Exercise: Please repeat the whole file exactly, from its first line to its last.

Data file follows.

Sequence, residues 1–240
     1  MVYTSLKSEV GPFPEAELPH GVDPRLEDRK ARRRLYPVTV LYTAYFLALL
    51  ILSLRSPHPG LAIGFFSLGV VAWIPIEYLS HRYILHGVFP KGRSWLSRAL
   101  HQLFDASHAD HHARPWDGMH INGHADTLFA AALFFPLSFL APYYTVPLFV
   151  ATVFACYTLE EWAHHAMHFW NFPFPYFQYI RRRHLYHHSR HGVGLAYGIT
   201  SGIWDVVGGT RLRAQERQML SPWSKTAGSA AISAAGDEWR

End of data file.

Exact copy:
Sequence, residues 1–240
     1  MVYTSLKSEV GPFPEAELPH GVDPRLEDRK ARRRLYPVTV LYTAYFLALL
    51  ILSLRSPHPG LAIGFFSLGV VAWIPIEYLS HRYILHGVFP KGRSWLSRAL
   101  HQLFDASHAD HHARPWDGMH INGHADTLFA AALFFPLSFL APYYTVPLFV
   151  ATVFACYTLE EWAHHAMHFW NFPFPYFQYI RRRHLYHHSR HGVGLAYGIT
   201  SGIWDVVGGT RLRAQERQML SPWSKTAGSA AISAAGDEWR